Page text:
The success of Bryan Singer’s first X-Men film in 2000 arguably kicked off the modern era of superhero filmmaking, followed as it was by Sam Raimi’s Spider-Man trilogy, Singer’s own X2 and the beginning of the Marvel Cinematic Universe with 2008’s Iron Man. So the director can be forgiven for opting for more “serious” black leather uniforms instead of comics-appropriate colorful spandex in an attempt to legitimize for audiences the story of a group of young adults whose genetic abnormalities allow them to shoot lasers out of their eyes and suck the life force out of people. In the time since, however, mainstream audiences have embraced superhero films and their vibrant attire, while Fox’s stable of X-Men movies have stuck largely to the grey or black armor look or foregone costumes entirely.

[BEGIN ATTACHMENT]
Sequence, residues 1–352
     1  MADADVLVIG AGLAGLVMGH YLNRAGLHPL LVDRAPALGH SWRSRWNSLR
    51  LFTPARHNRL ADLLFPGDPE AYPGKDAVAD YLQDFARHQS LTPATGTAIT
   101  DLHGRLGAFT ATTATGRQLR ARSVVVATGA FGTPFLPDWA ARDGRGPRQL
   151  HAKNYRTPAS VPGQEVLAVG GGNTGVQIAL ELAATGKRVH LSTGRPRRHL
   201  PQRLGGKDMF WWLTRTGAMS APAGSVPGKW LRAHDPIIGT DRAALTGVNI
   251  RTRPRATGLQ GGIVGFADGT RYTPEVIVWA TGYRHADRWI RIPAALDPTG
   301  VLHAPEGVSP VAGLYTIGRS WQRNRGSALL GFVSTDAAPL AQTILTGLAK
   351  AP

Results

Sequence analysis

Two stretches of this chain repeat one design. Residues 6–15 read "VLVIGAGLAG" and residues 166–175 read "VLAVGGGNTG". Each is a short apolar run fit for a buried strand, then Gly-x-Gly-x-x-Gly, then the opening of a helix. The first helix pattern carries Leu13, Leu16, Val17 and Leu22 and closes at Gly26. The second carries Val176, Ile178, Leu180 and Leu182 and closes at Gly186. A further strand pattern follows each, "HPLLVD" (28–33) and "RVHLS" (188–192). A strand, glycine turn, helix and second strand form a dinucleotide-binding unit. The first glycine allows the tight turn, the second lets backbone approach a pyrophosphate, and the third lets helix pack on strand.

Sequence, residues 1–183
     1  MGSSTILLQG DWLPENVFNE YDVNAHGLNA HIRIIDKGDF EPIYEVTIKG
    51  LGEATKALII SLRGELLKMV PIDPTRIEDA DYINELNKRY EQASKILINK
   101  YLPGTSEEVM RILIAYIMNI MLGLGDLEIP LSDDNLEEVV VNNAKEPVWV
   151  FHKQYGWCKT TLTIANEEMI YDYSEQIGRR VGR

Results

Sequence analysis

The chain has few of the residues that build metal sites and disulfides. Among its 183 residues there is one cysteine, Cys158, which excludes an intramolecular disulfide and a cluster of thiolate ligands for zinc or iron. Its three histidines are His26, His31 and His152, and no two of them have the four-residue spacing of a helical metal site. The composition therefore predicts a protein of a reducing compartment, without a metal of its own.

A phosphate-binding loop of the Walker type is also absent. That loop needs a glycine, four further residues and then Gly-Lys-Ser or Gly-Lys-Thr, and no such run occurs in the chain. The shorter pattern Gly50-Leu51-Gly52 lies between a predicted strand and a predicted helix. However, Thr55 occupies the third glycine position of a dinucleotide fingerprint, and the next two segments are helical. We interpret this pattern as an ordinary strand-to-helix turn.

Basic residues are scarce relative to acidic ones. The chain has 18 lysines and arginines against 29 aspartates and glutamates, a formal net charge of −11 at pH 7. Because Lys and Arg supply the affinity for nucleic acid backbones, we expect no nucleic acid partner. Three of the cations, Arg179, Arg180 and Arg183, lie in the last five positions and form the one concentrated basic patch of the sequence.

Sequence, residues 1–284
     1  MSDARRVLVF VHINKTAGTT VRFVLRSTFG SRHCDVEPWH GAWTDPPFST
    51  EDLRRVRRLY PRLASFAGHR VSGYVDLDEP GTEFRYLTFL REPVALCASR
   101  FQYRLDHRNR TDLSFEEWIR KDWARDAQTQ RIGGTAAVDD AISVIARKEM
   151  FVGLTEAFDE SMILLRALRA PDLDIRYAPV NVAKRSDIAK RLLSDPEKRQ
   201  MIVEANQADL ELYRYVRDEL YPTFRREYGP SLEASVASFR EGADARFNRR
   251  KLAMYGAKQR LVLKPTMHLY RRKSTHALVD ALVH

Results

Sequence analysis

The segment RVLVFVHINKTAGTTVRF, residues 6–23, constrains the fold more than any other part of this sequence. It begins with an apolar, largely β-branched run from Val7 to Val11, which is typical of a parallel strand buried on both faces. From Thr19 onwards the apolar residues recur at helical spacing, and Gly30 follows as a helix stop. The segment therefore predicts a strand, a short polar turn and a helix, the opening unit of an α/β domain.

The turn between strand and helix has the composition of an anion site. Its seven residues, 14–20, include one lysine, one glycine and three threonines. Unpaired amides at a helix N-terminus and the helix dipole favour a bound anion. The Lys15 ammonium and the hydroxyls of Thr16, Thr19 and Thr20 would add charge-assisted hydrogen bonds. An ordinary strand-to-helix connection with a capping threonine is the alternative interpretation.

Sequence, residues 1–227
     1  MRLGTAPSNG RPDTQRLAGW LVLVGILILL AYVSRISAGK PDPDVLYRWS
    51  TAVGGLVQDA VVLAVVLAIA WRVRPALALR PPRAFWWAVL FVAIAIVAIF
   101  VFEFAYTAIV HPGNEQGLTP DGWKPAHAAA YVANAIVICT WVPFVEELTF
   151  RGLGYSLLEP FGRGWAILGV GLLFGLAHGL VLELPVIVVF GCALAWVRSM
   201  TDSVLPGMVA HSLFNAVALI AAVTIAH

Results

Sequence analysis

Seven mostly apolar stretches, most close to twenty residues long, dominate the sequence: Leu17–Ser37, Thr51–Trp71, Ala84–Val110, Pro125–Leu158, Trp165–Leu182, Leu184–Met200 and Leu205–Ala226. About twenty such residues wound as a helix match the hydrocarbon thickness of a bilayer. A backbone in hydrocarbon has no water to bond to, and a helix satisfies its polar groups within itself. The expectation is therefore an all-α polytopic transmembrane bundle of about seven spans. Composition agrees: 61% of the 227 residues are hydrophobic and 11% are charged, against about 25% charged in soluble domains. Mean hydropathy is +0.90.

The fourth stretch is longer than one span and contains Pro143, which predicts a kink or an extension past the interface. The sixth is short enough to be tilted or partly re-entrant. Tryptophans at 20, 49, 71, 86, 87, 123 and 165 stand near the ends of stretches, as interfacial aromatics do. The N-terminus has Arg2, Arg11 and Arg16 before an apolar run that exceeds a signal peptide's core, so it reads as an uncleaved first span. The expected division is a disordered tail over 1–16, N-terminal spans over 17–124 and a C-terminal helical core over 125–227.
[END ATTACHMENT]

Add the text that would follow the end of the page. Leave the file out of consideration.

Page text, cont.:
That’s a mistake, YouTuber kaptainkristian argues in his video essay, “X-Men - Color And Costumes,” which asserts that not only are vibrant costumes essential to the X-Men for practical reasons—there are so many characters that the costumes provide an easy visual shorthand to who’s who at any given moment—but are part of their identities as both a team and a defiant statement of pride about their outcast status. Plus, films like Deadpool and X-Men: First Class (not to mention The Avengers and many others) have shown that you can add color to heroes’ costumes without making them look wildly impractical. That latter point is important, however, since Singer’s upcoming X-Men: Apocalypse has shown signs of loosening up in the costume department, unfortunately with some male gaze-influenced, ripped-from-the-comics looks that may be a little too faithful to the source material.